Colts Receive Medical Grant

Photo by Ken Martinson/

The Colts Drum and Bugle Corps recently received a grant from the Medical Associates Clinic Foundation of Dubuque in order to fund a three-year medical research project. This project will study the effects that performances and rehearsals have on drum corps members. The project will be led in part by Dr. Steven Rock, a volunteer team physician and medical advisor with the corps.

This project will begin by monitoring the activity of each member to measure the distance they march, the amount of calories they burn and the changes in their heart rates.

Using this data, Rock says that the corps can create a recommended pre-season workout as well as find a “sweet spot in terms of rehearsal time and rehearsal quality to optimize and enhance performance overall.”

Rock says that the findings of this project are crucial to creating a proper pre-season workout. “Basically, if we determine that corps march 10 miles per day, for example, and we determine that 80% of the activity is aerobic and 20% is anaerobic, we can design workouts which will gradually build up to the demands required during the season,” he says. “The workout schedule could include activities to enhance aerobic and anaerobic performance and also allow the body to adapt to the physical stresses of drum corps.”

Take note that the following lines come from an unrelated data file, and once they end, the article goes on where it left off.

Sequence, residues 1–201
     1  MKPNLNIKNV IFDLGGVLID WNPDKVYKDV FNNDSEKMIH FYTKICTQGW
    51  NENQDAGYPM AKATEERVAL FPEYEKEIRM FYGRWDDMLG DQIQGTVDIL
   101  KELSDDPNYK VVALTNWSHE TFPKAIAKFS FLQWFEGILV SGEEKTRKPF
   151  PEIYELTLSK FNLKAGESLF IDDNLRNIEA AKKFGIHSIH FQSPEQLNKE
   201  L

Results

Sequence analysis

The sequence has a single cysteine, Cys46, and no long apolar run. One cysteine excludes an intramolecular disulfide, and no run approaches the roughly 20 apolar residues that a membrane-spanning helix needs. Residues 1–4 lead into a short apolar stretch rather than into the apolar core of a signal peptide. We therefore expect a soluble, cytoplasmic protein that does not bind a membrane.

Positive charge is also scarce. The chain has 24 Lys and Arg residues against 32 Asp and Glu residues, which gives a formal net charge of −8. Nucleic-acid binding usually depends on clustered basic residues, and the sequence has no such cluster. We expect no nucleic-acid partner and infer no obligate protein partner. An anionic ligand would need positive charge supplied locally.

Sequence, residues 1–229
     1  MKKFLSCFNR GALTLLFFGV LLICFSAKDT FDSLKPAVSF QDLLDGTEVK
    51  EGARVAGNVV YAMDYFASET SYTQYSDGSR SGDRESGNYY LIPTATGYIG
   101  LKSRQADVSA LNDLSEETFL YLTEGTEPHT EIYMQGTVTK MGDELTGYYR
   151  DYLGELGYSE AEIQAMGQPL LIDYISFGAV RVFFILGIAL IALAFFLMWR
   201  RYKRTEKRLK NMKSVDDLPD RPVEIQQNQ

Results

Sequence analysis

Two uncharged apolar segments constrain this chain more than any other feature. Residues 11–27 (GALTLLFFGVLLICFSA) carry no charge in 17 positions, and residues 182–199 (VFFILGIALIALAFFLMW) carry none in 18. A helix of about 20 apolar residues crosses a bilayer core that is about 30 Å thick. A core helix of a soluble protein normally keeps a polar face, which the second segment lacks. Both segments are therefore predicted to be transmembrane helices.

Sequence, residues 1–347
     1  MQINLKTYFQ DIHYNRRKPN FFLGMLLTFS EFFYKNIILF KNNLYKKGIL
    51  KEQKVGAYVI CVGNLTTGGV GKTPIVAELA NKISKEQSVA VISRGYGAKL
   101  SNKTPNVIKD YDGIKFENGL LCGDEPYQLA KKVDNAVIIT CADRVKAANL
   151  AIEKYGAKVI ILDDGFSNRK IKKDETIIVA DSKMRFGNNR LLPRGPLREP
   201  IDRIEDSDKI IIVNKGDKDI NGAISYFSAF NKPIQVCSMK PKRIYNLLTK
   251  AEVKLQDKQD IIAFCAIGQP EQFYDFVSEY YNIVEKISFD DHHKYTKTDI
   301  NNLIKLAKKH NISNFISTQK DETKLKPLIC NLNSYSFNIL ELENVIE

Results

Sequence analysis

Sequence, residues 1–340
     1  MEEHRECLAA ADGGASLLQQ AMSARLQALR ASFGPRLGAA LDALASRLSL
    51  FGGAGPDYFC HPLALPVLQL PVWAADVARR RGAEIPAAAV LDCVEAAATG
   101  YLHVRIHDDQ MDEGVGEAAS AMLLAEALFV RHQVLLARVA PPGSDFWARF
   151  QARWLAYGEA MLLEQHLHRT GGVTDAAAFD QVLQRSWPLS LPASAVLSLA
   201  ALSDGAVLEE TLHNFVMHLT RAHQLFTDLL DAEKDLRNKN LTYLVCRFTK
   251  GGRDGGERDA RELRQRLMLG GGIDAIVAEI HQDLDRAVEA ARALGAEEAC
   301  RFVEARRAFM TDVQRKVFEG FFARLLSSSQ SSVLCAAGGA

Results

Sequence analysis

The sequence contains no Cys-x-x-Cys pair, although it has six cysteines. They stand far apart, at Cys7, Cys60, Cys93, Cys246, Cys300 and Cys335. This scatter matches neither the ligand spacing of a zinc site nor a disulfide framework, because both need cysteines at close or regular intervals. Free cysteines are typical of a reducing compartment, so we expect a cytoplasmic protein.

Rock believes that developing an exercise program based on this project’s findings and implementing it between winter camps and the May move-in will result in much fewer injuries throughout the season. “Without a gradual buildup to these workloads, there is a higher rate of injury,” he says.

While some drum corps already have a pre-season workout in place, this project could expand to other corps to “make it a more universal thing where all the corps have a pre-season workout they can tap into,” says Rock, who is also co-coordinator of medical research for the Drum Corps Medical Project.

“Basically, we can send out an exercise program week by week from January on,” he says. “With this information, [other corps] can look at it and see how they base their workouts. That way, we can make it more competitive.”

Ideally, Rock hopes that this project is not just about drum corps. “Hopefully we can use this information beyond drum corps to the high school level,” he says. “Some of the kids from marching bands have very similar problems to drum corps. [We hope this project has] a trickle-down effect.”

As of now, Rock is very excited to work with the Colts. “They’re right here and very eager to get this information,” he says.

About author

Liz Neidich

Liz Neidich is a freelance writer for Halftime Magazine. She graduated from the University of Cincinnati (UC) in 2015 with a B.A. in creative writing, a B.A. in communications, and a certificate in journalism. She marched trumpet for five years in the Kenston High School Marching Band in Bainbridge, Ohio, and for three years in the UC Bearcat Marching Band. Liz currently serves as an Americorps VISTA on the communications and events team at CityLink Center in Cincinnati, Ohio.

January/February 2012 Digital Edition

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